The fallout of COVID has negatively impacted almost every industry, company and individual in Australia. 2020 has been an incredibly difficult year, but what if we saw the unrest and uncertainty as an opportunity to redefine our business practices and reshape the landscape of the Australian economy?
Amidst talk of “going back to normal”, this unprecedented set of circumstances could be the catalyst to create a new–and better–normal.
Australian owned or Australian made - what’s the difference?
Clever marketing can easily confuse well-intentioned consumers when it comes to the origin of a brand or product. Companies are can rightfully claim Australian-owned or Australian-designed status while having their goods manufactured offshore. The concern is that most offshore production of textiles, electrical goods, personal care and furniture is undertaken in developing countries where the treatment of workers is poor and environmental policies are non-existent.
Further to ethical concerns, offshore production sidesteps support of our local economy. Australian made means that goods are manufactured within Australia. This ensures that the goods, the people who make them, and the environmental impact of production are governed by various codes of ethics. These governance structures ensure that the quality of the products is high and, more importantly, that the company’s employees are treated with respect, have rights within the workplace, and are paid fairly for their work.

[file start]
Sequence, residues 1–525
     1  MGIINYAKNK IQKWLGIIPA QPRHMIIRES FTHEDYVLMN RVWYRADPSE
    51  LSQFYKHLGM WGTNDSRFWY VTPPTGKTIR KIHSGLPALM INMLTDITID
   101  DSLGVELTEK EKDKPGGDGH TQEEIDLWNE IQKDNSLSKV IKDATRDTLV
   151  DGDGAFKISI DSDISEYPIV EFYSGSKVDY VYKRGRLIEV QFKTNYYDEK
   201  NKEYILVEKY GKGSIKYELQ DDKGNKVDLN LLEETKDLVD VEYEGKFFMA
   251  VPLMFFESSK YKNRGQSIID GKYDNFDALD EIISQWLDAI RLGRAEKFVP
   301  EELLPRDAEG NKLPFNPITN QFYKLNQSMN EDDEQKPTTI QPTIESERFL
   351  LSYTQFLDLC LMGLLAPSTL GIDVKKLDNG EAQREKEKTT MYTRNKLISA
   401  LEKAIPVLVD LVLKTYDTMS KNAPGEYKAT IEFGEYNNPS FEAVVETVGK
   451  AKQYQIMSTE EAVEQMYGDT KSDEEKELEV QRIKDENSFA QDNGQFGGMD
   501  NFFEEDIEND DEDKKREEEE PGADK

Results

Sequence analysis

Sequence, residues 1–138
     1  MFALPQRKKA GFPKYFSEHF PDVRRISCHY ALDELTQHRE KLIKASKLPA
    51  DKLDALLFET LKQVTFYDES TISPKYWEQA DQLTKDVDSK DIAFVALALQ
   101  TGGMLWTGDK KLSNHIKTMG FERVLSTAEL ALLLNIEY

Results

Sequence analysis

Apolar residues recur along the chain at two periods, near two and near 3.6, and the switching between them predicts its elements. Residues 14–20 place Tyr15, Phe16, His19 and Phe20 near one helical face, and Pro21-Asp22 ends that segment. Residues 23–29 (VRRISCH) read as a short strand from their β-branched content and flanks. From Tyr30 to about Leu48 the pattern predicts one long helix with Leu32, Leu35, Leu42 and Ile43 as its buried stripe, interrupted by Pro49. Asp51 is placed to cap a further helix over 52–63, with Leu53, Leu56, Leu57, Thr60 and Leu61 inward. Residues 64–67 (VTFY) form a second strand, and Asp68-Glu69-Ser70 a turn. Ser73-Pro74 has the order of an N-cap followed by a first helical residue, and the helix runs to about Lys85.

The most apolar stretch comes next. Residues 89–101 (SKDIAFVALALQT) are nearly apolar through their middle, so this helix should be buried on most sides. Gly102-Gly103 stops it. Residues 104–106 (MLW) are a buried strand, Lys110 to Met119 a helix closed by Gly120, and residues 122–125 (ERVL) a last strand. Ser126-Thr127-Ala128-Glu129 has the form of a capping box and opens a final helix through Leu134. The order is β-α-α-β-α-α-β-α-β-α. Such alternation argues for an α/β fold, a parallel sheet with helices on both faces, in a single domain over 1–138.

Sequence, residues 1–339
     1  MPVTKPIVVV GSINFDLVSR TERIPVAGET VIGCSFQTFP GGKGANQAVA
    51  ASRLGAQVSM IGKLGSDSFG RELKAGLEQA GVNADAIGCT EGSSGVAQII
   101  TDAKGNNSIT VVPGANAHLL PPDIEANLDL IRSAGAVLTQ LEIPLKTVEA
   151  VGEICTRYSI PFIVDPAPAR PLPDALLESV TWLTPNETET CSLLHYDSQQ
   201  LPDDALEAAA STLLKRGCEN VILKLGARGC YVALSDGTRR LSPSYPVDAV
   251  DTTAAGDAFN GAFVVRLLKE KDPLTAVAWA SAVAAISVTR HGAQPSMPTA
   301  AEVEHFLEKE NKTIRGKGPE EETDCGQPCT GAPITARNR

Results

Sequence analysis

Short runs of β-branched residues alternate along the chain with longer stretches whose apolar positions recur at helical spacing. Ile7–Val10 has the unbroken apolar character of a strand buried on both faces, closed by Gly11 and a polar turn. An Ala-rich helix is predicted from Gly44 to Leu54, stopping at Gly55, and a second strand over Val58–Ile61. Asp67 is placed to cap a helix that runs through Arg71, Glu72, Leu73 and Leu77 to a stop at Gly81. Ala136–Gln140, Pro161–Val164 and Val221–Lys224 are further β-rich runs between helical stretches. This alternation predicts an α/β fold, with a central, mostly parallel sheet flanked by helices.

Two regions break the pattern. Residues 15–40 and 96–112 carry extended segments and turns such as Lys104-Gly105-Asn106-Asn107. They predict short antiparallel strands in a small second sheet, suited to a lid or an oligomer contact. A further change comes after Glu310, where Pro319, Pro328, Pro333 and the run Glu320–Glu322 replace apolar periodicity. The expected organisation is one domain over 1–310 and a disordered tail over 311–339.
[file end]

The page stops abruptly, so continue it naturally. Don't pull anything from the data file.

Homegrown goods may attract higher price tags, but that’s justified by higher standards for workers and more stringent controls over environmental impact. From an economic perspective, Australian made means that profits are kept in Australia, effectively strengthening our economy and bolstering employment. With that in mind, there has never been a better time for companies who have traditionally had their goods manufactured offshore to pivot their business models and bring production home.